Hypoglycemia

Sorry, no news articles match your request. Your search criteria may be too narrow.

Hypoglycemia hypoglycæmia or low blood sugar (not to be confused with hyperglycemia) is an abnormally diminished content of glucose in the blood. The term literally means "under-sweet blood" (Gr. υπογλυκαιμία, from hypo-, glykys, haima). It can produce a variety of symptoms and effects but the principal problems arise from an inadequate supply of glucose to the brain, resulting in impairment of function (neuroglycopenia). Effects can range from mild dysphoria to more serious issues such as seizures, unconsciousness, and (rarely) permanent brain damage or death.

The most common forms of hypoglycemia occur as a complication of treatment of diabetes mellitus with insulin or oral medications. Hypoglycemia is less common in non-diabetic persons, but can occur at any age. Among the causes are excessive insulin produced in the body (hyperinsulinemia), inborn errors of metabolism, medications and poisons, alcohol, hormone deficiencies, prolonged starvation, alterations of metabolism associated with infection, and organ failure.

Hypoglycemia is treated by restoring the blood glucose level to normal by the ingestion or administration of dextrose or carbohydrate foods. In more severe circumstances it is treated by injection or infusion of glucagon. Recurrent hypoglycemia may be prevented by reversing or removing the underlying cause, by increasing the frequency of meals, with medications like diazoxide, octreotide, or glucocorticoids, or by surgical removal of much of the pancreas.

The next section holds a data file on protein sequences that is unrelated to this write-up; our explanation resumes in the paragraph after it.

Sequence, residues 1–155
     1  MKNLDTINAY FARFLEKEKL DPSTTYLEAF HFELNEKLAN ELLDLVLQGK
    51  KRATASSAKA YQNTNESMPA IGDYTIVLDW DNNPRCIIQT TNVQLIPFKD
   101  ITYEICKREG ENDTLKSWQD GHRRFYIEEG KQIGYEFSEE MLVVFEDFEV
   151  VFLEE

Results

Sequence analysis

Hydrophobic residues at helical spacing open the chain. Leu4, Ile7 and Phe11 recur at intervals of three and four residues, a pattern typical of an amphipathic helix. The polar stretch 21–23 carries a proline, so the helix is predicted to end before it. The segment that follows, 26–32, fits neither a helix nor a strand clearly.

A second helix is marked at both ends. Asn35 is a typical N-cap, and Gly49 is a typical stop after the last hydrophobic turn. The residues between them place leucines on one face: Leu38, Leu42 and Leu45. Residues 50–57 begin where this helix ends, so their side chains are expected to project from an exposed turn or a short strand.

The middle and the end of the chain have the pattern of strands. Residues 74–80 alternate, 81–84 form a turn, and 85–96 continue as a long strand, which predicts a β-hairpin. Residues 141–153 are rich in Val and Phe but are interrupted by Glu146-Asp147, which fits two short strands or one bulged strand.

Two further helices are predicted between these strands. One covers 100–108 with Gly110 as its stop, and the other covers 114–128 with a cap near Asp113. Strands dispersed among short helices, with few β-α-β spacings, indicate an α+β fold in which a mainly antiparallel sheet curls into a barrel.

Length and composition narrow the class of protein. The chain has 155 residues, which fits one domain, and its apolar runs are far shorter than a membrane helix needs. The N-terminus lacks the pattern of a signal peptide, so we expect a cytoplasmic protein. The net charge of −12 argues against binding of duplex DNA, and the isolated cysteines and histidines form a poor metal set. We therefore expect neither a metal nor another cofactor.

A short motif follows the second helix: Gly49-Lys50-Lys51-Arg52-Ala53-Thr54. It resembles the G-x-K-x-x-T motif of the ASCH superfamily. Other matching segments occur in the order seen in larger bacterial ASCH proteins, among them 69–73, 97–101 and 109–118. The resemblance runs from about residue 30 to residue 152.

The level of blood glucose low enough to define hypoglycemia may be different for different people, in different circumstances, and for different purposes, and occasionally has been a matter of controversy. Most healthy adults maintain fasting glucose levels above 4.0 mmol/L (72 mg/dl), and develop symptoms of hypoglycemia when the glucose falls below 4 mmol/L. It can sometimes be difficult to determine whether a person's symptoms are due to hypoglycemia. Criteria referred to as Whipple's triad are used to determine a diagnosis of hypoglycemia:

Hypoglycemia (common usage) is also a term in popular culture and alternative medicine for a common, often self-diagnosed, condition characterized by shakiness and altered mood and thinking, but without measured low glucose or risk of severe harm. It is treated by changing eating patterns.

This text uses material from Wikipedia licensed under CC BY-SA

Latest Spotlight News

Mutant protein takes babies' breath away

Babies start breathing in the womb, inhaling and exhaling irregularly at first, and then gradually more and more, until the day when they're born and have to do it all the time. But premature babies sometimes ...

Can robots help stop the Ebola outbreak?

The US military has enlisted a new germ-killing weapon in the fight against Ebola—a four-wheeled robot that can disinfect a room in minutes with pulses of ultraviolet light.

Suicide risk falls substantially after talk therapy

Repeat suicide attempts and deaths by suicide were roughly 25 percent lower among a group of Danish people who underwent voluntary short-term psychosocial counseling after a suicide attempt, new Johns Hopkins Bloomberg School ...

US looking past Ebola to prepare for next outbreak

The next Ebola or the next SARS. Maybe even the next HIV. Even before the Ebola epidemic in West Africa is brought under control, U.S. public health officials are girding for the next health disaster.